FRIDAY, Dec. 16 (HealthDay News) -- People who successfully quit smoking are happier and more satisfied with their lives than people who continue to smoke, according to a study published online Dec. 10 in the Annals of Behavioral Medicine.
Megan E. Piper, Ph.D., from the University of Wisconsin School of Medicine and Public Health in Madison, and colleagues assessed subjective quality of life (QOL) indices among 1,504 participants in a randomized, placebo-controlled smoking cessation trial. The participants completed assessments (including the Quality of Life Inventory, the Positive and Negative Affect Scale, the Social Readjustment Rating Scale, and the Kansas Marital Satisfaction Scale) at baseline and at one and three years after smoking cessation.
The researchers found that, compared with continuing smokers, quitters showed improved global QOL and health-related QOL. Affect was improved at years one and three and a decrease in number of stressors was seen by year three. Smoking status was not found to influence marital relationship satisfaction.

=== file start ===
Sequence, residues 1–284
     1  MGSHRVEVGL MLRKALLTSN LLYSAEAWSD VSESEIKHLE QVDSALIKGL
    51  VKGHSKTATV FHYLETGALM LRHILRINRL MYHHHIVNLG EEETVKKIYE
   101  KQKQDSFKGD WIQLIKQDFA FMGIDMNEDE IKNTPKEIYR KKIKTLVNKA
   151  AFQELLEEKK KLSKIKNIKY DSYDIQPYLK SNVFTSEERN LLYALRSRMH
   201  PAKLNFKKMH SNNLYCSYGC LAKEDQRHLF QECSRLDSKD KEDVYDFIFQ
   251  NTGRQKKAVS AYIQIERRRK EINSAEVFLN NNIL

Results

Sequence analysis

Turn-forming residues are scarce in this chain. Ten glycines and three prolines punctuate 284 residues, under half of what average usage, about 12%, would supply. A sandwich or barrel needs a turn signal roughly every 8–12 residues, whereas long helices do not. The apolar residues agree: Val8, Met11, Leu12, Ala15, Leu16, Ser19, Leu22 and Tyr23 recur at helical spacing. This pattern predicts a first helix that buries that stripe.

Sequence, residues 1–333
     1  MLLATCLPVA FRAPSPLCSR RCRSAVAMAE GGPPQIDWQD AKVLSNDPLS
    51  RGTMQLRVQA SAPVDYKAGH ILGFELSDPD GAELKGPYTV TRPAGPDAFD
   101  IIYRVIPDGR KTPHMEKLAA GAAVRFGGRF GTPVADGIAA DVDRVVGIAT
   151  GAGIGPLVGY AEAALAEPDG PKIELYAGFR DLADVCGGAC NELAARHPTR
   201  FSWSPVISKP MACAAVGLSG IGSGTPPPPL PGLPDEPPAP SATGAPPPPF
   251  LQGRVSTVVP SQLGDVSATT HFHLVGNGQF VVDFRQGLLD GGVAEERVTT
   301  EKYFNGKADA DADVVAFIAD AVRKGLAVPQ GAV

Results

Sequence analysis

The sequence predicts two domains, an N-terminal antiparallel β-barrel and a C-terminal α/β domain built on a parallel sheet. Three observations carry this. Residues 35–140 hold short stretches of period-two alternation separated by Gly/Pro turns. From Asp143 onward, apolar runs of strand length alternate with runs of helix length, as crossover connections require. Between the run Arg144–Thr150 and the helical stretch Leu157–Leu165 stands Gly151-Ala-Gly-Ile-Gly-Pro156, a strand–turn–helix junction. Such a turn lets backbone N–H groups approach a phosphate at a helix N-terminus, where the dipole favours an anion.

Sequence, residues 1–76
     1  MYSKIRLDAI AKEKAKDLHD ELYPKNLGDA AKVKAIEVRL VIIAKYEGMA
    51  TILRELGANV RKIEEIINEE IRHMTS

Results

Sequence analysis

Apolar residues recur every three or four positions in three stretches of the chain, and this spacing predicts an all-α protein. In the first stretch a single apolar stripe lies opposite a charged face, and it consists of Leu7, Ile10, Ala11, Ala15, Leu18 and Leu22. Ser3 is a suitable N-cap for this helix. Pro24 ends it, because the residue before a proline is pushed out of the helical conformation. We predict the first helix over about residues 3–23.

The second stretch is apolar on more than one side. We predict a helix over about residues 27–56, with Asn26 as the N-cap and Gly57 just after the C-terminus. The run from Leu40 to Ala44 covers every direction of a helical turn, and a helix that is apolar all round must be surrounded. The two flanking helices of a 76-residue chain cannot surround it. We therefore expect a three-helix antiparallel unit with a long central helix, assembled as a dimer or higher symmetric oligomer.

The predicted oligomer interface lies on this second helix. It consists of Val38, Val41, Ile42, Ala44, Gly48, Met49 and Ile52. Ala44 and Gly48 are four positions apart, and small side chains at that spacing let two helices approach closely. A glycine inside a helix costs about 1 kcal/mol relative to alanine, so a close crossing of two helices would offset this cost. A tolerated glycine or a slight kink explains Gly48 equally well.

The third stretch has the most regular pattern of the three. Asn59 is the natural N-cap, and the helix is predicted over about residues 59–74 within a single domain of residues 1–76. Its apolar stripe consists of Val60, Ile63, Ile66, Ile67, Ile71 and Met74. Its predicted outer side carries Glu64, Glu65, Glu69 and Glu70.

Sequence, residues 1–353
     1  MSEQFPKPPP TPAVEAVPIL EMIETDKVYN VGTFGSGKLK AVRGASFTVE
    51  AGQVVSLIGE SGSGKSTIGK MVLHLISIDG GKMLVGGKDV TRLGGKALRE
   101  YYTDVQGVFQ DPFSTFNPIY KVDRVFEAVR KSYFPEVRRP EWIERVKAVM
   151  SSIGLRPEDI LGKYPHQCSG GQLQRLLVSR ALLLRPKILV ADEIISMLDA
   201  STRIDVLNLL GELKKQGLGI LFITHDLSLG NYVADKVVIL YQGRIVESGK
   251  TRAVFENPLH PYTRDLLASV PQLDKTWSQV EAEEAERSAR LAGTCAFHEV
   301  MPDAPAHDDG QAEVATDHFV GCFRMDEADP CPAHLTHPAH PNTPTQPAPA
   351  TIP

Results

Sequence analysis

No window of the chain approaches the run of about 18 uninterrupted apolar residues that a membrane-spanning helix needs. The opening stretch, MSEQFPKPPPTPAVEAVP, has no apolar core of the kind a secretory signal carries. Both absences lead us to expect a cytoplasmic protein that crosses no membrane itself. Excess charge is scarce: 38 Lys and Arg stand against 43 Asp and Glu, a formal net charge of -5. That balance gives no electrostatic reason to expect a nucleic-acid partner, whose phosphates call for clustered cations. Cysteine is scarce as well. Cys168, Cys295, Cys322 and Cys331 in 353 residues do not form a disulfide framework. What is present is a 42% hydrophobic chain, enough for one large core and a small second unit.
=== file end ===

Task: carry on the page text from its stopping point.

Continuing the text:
"The current findings suggest that over the long term, individuals will be happier and more satisfied with their lives if they quit smoking than if they do not," the authors write. "Understanding relatively short-term (i.e., one year) and long-term (i.e., three years) changes in QOL measures may help clinicians motivate smokers to make quit attempts and help researchers to understand better the relations of smoking with other life factors."
One author disclosed financial ties to the pharmaceutical industry.
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